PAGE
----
Seven- day treat­ment rec­om­mended

The Compass - - EDI­TO­RIAL OPIN­ION -

It is my right, as a par­ent, to choose to keep my child at home un­til I am cer­tain that the prob­lem is prop­erly treated. I also feel that there should be a new di­rec­tive is­sued from boards, gov­ern­ment lev­els, etc. to en­sure that par­ents are aware of this. If you elect to ex­er­cise this right, you will find your child’s school and teach­ers to be quite sup­port­ive.

Your child would be ex­cused and con­sid­ered ab­sent from school for a le­git­i­mate rea­son, and home­work can be sent home at your re­quest.

Re­mov­ing nits, nymphs and/or live lice is not an easy or pleas­ant task. For the first five days of treat­ment, I per­son­ally spent no less than seven hoursa- day re­mov­ing nits. This was not based on para­noia. It was re­quired, and it took that much ef­fort to en­sure that my chil­dren’s heads were nit-free.

If you do not re­move ev­ery last nit be­fore it hatches, then a nit that hatches re­sults in a live louse that can grow and re-in­fest the head again.

Te­dious process

The process is te­dious. It in­volves re­view­ing each strand of hair, fine­tooth comb­ing small sec­tions of hair (with a nit comb), re­view­ing again un­der a bright light and man­u­ally re­mov­ing any and all nits that ex­ist.

When you are nit-pick­ing, you have lit­tle or no time for any­thing else. Par­ents who have the chal­lenge of clean­ing nits and lice need as­sis­tance.

I did not have time to cook sup­per, and take-out is less than nu­tri­tional in most in­stances. I was nit-clean­ing and wash­ing load after load of clothes each day. I was also wash­ing floors, vac­u­um­ing and do­ing other as­so­ci­ated cleanup ef­forts. Al­low your fam­ily and friends to as­sist where and how they can.

Ev­ery bed sheet, pil­low case, blan­ket, ar­ti­cle of cloth­ing, etc. that the child wears each day has to be washed and dried. The wash­ing in­volves use of hot wa­ter and a very hot dryer. This is sep­a­rate from the Day 1 bag­ging and seal­ing that you will also be re­quired to do with items that can­not be washed, such as stuffed an­i­mals, toys, pil­lows, etc.

Ev­ery­thing that can­not be washed has to be vac­u­umed, and pos­si­bly sev­eral times a day.

Mon­i­tor treat­ments

I have learned that the treat­ment(s) you use must be care­fully mon­i­tored; and there are choices.if you use a prod­uct that con­tains Per­methrin on Day 1, you should not be us­ing that same prod­uct for re­treat­ment un­til Day 7. If a se­cond prod­uct treat­ment is deemed nec­es­sary from days 2-6, it should be one that con­tains an al­ter­nate ac­tive in­gre­di­ent, such as Pyrethrin. Your phar­ma­cist should be able to as­sist you.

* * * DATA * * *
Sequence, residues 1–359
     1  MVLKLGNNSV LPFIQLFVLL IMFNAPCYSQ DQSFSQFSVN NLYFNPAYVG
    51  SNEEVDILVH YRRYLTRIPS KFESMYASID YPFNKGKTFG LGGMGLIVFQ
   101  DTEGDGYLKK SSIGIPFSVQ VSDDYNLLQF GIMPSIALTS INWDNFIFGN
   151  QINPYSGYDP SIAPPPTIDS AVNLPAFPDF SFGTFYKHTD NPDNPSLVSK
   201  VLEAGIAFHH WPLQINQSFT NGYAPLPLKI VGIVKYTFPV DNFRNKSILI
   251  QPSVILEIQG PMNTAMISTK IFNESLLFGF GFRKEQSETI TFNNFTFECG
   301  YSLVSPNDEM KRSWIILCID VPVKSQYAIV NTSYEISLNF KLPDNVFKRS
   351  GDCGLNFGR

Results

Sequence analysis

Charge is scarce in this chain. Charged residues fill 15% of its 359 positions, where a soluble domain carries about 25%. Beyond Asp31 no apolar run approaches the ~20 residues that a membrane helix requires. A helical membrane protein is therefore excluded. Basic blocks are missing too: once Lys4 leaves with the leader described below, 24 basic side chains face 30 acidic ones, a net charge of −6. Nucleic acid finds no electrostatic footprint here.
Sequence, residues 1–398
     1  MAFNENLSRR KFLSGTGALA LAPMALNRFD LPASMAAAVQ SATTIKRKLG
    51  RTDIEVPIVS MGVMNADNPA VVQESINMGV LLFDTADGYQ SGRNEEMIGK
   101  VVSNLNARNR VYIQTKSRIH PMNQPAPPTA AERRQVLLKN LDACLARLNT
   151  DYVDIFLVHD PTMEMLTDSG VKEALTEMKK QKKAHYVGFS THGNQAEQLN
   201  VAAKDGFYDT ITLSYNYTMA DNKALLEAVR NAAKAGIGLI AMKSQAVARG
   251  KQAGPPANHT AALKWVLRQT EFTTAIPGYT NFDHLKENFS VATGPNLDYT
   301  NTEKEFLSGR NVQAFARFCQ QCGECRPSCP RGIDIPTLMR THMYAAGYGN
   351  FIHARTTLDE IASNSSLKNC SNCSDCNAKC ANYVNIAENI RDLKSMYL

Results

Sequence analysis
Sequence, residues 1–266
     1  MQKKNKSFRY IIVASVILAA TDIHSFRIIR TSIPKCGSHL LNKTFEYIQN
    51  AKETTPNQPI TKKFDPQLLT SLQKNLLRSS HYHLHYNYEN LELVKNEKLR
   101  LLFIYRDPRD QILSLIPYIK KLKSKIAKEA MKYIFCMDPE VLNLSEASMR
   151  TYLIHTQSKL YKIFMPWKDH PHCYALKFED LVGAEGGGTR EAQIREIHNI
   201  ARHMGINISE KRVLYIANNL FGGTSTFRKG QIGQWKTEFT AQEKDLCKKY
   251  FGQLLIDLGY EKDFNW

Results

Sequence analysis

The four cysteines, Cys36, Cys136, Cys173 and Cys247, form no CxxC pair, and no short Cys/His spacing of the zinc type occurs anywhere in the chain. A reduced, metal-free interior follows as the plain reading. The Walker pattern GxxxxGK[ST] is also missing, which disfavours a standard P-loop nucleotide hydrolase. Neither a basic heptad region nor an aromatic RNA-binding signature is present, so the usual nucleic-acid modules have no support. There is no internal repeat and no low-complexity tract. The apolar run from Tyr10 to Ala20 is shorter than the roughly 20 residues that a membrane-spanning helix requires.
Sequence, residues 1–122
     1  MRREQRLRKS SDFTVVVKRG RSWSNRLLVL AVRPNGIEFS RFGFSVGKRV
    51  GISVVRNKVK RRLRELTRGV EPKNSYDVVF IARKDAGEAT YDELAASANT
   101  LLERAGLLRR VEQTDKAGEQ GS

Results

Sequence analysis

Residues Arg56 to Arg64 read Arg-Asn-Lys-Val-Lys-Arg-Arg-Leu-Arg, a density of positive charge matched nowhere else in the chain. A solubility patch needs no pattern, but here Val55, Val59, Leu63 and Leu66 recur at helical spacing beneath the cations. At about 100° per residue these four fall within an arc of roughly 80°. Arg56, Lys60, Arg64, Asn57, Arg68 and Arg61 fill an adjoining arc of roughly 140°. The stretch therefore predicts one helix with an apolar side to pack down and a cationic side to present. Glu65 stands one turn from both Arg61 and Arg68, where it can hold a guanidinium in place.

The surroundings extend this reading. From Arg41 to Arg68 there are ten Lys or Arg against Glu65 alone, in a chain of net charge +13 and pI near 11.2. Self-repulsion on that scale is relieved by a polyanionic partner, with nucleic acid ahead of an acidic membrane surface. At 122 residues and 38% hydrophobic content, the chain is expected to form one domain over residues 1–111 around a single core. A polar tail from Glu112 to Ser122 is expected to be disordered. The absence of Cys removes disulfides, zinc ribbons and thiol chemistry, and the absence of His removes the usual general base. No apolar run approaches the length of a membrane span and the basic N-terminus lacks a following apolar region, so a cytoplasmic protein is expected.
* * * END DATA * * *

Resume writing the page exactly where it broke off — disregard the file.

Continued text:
Some of the treat­ments state that it kills both lice and eggs. If you be­lieve this and ap­ply the prod­uct and as­sume that you have done your job, you will be dis­ap­pointed. Ac­cord­ing to the ex­perts I spoke with, there is no one prod­uct that kills the eggs. The eggs/nits need to be man­u­ally picked out one by one.

Con­tact your school

Con­tact your school ad­min­istra­tion. Your child’s name will not be re­leased without your per­mis­sion, but the re­port of head lice is one of the steps that may help to re­duce the num­ber of cases.

This as­sists by putting other teach­ers and par­ents/guardians on alert and dili­gent in head-check­ing and ex­plain­ing to chil­dren some pre­ven­tive mea­sures.

I have not even started to ad­dress the re­quire­ment of daily check­ing and pos­si­bly treat­ing other fam­ily mem­bers who ap­pear to not be in­fected.

Th­ese com­ments are based on my opin­ion and my ex­pe­ri­ences. I am not a doc­tor, nurse, phar­ma­cist or any other health pro­fes­sional, so my opin­ion is not in any way to be con­sid­ered re­flec­tive of med­i­cally-based facts or ex­pert opin­ion.

I sim­ply be­lieve my ex­pe­ri­ence may prove help­ful to oth­ers.

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